Advice from our agents on these crucial markets
There has never been so much emphasis on green space, and the current dream rental home is a four-bedroom house with a garden.
But there has also been a shift in tenants’ requirements for a home’s interior layout, a new set of preferences driven by home working and a desire for more privacy during the day and in the evening. Families want a hang-out area for the children, and nooks and crannies where several people can sit and talk in peace.
There has long been a requirement for home offices in this segment. As a result, in some houses, the second landing on the staircase has been turned into an office area with a desk. But someone who is frequently on conference calls needs a room with a door. At the very top end of the market, some people want pools and home gyms.
If you are serious about renting your home, this is an excellent timeIzzy Birch Reynardson, Head of Super Prime Lettings
The hotspots in London’s rental market are Kensington and Notting Hill. Owners can secure fantastic rents because there are so few properties available. Recently, we had three tenants bidding for a property, a beautiful townhouse being let out by a family who were moving to the country.
This was not a permanent relocation, so the owners wanted to rent their home to a family who lived in a similar way to them. They wanted a custodian because the home may be a legacy property – bought for future generations – so must be well looked after. In such circumstances, I find it useful if the owner’s housekeeper and the tenant’s housekeeper can meet before the move and discuss matters such as how the house should be cleaned, so that marble floors and other surfaces are not damaged.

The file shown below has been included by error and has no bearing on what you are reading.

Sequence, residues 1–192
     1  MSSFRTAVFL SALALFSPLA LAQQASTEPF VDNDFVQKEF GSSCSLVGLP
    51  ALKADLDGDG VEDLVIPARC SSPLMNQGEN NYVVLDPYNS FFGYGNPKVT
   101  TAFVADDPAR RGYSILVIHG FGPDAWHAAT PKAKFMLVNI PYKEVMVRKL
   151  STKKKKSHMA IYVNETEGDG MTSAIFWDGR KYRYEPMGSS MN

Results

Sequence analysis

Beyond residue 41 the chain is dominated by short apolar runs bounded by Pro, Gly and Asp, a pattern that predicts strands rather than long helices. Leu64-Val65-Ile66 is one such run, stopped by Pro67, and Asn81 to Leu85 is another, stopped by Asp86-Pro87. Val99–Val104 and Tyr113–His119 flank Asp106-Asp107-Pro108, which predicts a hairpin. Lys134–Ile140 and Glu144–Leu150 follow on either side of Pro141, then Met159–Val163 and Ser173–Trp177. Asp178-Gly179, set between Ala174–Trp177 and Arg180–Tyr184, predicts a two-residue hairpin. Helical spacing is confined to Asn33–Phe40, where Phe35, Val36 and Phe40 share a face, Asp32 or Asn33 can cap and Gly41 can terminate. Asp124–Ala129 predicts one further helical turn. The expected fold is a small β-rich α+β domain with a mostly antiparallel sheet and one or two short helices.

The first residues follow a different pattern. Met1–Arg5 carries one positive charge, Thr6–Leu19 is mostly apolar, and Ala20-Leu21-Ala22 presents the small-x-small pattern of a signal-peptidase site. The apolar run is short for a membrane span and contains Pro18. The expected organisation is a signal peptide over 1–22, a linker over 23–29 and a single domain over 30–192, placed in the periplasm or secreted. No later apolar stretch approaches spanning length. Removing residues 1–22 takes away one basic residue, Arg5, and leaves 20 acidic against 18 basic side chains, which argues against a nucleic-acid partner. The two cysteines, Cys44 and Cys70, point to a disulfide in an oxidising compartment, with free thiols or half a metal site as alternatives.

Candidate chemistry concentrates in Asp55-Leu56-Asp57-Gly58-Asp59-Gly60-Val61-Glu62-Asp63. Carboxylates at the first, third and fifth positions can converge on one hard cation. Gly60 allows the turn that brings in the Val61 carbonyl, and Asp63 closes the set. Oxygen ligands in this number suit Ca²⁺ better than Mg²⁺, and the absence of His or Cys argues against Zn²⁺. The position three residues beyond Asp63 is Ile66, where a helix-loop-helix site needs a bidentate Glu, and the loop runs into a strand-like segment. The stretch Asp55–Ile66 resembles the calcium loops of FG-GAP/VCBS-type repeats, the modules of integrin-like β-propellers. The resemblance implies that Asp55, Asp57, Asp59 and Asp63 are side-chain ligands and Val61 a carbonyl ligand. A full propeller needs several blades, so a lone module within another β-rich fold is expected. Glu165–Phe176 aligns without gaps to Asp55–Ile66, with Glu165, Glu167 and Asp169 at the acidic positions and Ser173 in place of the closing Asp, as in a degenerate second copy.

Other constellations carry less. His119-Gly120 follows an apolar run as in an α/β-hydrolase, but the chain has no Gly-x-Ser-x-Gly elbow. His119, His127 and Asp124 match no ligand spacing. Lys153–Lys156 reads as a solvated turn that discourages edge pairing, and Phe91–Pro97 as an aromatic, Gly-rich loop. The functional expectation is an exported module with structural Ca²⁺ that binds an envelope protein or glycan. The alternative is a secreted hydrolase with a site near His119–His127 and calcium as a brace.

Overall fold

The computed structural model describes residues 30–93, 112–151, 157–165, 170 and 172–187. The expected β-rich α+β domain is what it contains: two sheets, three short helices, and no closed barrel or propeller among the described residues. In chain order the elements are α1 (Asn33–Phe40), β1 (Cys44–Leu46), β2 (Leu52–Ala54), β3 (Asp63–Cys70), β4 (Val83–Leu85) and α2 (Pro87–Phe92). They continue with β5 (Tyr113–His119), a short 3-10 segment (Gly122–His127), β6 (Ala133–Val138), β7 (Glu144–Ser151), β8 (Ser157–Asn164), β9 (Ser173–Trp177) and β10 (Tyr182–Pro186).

Despite the focus on houses and gardens, the flat market in Mayfair and Marylebone is making a return. Lock-up-and-leave flats with a concierge or live-in porter are sought-after. If tenants are regularly flying into London for the weekend, they want to be welcomed by someone who knows they are arriving.
The prime central London rental market used to be seasonal, but that pattern is altering, with the emergence of a new type of clientele coming from the burgeoning tech industry in London. If you are serious about renting your home, this is an excellent time. Constrained stock puts landlords in a strong position, but you have got to get a move on.
Residential development sales
While the absence of overseas buyers has held back the recovery in prime London’s residential development market, activity is increasing. Buyers are returning to London’s golden postcodes from the Middle East and the United States, and there’s a real sense of pent-up demand.
Indeed, we could be at the point where if buyers delay, they could miss out. There has been an uptick in property values – which had been declining for the past six years – and, as experience shows, fans of London property love a good buy.
A great view is important – and can be a trigger to buy early into a developmentEd Lewis, Head of London Residential Development Sales
In terms of demand, having a great view is important – and can be a trigger to buy early into a development. This is exemplified by the popularity of Park Modern with its outlook over Hyde Park and Kensington Gardens. The scheme is expected to complete in 2022.
There is also plenty of traction for three-bedroom apartments. Like everyone else, these buyers want more indoor and outdoor space – and to be close to a park.
While we have certainly had off-plan sales where buyers have not viewed the site in person, this tends to be for property in the market up to £1 million. In the case of a £5 million-plus home, buyers want to look before they strike a deal.
We are also noting that more attention is being paid to the level of service charges at developments. I would argue that developers need to look at the services they are charging for, including the level of staff employed at a building.
Above all though, London remains hugely attractive. The capital has everything: transparency in financial and legal dealings, architecture, education, culture and restaurants. It’s evolving too. For example, the decision to allow bars and restaurants to set up outdoor tables as lockdown restrictions ended gave the city a new and exciting vibe.
For more insights into prime central London’s residential market, please visit our Residential Hub
Read the articles within In Focus: Prime Central London – Autumn 2021 below